Public Schools Are Not ‘Government Schools,’ Not Yet

A favorite talking point of school privatizers and education reformers is to refer to public schools as “government schools.” When free market ideologues and politicians do this, they are primarily appealing to the libertarian tendencies of middle and upper class white evangelicals and Catholics. Right wing politicians rarely use the word “government” positively as an adjective; government spending, government waste, government overreach. To the ears of Generation X white America, “government schools” sounds an awful lot like “government cheese.” In the 1980s, the term “government cheese” stood for poor quality, generic packaging, uniformity, and the stigma that went along with being a recipient of food stamps. This is the image that devotees of economist Milton Friedman want to conjure. They want us to believe that public schools are bland, monolithic, and a means to publicly identify and ridicule poor people.

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Imagine nationwide standardized school uniforms, 100% scripted instruction, closed-circuit television cameras in every classroom, and absolutely no extra-curricular activities. That is perhaps what “government schools” would look like in the United States today. The truth is that every public school in America has its own unique characteristics, continues to operate with a surprisingly high level of autonomy, and is distinctly connected to its local community. If this country had “government schools” there would be no such thing as school pride, school mascots, or class reunions. There certainly would be no need for elected school boards. There would be no Parent Teacher Association and no parent teacher conferences. Students would be nothing more than products. Public schools are not factories that push out generations of identical young adults. Public schools are localized communities that incubate our society’s progress toward justice and tolerance.

The truth is that every public school in America has its own unique characteristics, continues to operate with a surprisingly high level of autonomy, and is distinctly connected to its local community.

It comes as no surprise that the desire to dismantle public schools falls near on the political spectrum to the bigotry, xenophobia, and intolerance coming out of the Trump white house. The irony of public schools promoting a progressive society is that progressives do not control our national government. And in deeply red states like Oklahoma, they do not control state government either. So when the political right calls public schools “government schools,” they are referring to the government that, for the most part, they control.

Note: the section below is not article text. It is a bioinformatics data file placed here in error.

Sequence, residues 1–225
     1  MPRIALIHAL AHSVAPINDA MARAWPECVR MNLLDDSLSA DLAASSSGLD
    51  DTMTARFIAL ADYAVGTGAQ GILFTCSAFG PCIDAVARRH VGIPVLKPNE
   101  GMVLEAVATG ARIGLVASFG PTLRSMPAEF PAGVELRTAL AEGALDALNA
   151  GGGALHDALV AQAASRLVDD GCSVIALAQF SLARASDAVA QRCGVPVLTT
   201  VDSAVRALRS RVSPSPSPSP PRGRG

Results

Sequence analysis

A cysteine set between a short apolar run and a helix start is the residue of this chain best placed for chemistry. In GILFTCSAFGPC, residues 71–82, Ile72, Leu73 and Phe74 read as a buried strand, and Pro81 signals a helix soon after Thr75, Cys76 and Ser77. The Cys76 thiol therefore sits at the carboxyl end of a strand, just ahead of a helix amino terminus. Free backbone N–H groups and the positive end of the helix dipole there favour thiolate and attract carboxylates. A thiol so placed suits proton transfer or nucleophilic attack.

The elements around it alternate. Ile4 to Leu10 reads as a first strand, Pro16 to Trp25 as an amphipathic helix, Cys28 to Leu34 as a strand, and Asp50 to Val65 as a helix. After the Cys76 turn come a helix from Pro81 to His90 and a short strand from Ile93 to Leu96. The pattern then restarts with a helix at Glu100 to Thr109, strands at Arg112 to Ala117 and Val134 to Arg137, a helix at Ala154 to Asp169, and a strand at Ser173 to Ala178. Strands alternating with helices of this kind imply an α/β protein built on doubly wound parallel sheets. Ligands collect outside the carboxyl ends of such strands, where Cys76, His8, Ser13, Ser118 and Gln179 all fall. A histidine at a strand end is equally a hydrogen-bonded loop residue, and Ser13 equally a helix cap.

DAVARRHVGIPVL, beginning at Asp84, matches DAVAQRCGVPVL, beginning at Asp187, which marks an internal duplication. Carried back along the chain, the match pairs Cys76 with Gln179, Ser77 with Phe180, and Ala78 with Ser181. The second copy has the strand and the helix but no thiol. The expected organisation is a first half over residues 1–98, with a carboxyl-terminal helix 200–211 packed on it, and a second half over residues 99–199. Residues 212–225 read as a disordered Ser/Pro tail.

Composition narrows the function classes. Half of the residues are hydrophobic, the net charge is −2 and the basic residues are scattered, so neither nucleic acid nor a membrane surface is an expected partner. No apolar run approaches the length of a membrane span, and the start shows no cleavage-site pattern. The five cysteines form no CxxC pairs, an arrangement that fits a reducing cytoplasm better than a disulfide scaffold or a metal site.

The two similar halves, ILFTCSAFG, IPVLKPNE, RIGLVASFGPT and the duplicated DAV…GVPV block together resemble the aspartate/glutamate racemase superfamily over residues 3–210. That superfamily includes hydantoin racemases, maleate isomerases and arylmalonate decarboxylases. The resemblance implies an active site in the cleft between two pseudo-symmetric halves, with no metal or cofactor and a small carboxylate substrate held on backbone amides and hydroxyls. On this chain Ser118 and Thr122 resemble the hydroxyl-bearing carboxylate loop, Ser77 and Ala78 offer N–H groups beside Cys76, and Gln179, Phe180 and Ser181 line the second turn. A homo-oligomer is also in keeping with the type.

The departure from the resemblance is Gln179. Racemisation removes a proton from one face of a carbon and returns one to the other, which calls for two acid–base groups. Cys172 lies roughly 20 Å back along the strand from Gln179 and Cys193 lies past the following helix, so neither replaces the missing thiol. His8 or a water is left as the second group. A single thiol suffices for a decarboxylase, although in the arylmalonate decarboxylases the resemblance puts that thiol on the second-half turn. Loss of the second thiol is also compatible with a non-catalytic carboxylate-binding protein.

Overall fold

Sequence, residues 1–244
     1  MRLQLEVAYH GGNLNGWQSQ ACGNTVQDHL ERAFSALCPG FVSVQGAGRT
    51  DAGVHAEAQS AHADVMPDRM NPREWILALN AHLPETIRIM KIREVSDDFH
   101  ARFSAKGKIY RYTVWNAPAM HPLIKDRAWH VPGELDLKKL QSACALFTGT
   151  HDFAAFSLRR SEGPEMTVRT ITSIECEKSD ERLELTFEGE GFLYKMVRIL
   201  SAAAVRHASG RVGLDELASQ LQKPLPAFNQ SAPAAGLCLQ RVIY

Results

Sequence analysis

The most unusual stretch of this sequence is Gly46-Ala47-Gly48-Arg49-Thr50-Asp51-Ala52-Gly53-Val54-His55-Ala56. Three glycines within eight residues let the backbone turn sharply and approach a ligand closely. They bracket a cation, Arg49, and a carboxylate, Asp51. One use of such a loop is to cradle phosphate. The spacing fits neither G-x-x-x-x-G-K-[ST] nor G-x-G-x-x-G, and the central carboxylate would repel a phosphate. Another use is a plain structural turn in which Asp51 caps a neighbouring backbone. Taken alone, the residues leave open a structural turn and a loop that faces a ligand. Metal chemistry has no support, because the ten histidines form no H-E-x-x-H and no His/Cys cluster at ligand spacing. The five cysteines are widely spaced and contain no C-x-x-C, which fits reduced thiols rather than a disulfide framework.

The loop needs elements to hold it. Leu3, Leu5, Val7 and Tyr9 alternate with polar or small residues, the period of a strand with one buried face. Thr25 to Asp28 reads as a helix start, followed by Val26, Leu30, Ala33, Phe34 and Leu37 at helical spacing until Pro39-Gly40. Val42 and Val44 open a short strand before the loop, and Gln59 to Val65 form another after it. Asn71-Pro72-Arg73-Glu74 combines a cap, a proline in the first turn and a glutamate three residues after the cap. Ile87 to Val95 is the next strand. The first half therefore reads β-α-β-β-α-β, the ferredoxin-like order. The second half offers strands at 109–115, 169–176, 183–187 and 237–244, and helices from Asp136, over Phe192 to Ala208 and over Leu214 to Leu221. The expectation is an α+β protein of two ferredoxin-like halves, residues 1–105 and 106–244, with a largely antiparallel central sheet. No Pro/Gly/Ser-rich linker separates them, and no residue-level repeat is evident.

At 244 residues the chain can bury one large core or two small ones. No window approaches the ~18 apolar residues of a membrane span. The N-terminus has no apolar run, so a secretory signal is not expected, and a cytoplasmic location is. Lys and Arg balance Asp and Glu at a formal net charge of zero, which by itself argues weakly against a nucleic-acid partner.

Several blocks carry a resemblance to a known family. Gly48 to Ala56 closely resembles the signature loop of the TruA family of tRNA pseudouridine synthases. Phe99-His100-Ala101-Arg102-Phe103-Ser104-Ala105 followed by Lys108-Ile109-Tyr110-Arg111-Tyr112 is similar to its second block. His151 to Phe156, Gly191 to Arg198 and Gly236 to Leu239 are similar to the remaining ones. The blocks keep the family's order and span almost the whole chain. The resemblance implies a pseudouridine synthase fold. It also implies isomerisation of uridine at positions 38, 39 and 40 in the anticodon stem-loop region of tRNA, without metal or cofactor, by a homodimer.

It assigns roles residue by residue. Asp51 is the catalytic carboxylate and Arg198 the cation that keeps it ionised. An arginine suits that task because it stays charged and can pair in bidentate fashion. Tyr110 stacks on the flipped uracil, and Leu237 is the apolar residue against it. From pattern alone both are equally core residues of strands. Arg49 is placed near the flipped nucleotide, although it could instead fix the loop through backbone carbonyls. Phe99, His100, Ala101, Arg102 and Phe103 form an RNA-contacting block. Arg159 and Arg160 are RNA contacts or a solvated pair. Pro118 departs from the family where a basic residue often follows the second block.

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The irony is that some of the same politicians that cry “school choice” year after year are the same politicians who sponsor legislation that results in more government control of public schools. One of the favorite pastimes of Republican lawmakers is to mandate patriotism in public schools. The presence of compulsory pledges and posted national mottos reading “In God We Trust” inside public school classrooms is a decisive step toward rightfully earning the title “government schools.” After the failed policies of “No Child Left Behind,” it is clear that standardized testing is not a way to lift student performance but to homogenize our education system in order make it more susceptible to criticism.

The irony is that some of the same politicians that cry “school choice” year after year are the same politicians who sponsor legislation that results in more government control of public schools.

The motivations behind legislators playing it both ways in regard to education policy vary. At best, some policymakers are simply ignorant of the contradiction between labeling a neighborhood school a “government school” and promoting heavy-handed regulation that they like to call “accountability.” At worst, the “government school” mantra is a well calculated self-fulfilling prophecy. Here is how it works.

Step 1: Refer to public schools as “government schools.” Repeat often.

Step 2: Heavily regulate public schools at both the state and national level. Standardize everything.

Step 3: Keep calling public schools “government schools” until it becomes true.

Step 4: Defund and privatize public education.

Step 5: Leave a few highly scrutinized “government schools” open in urban centers for poor students of color to attend.

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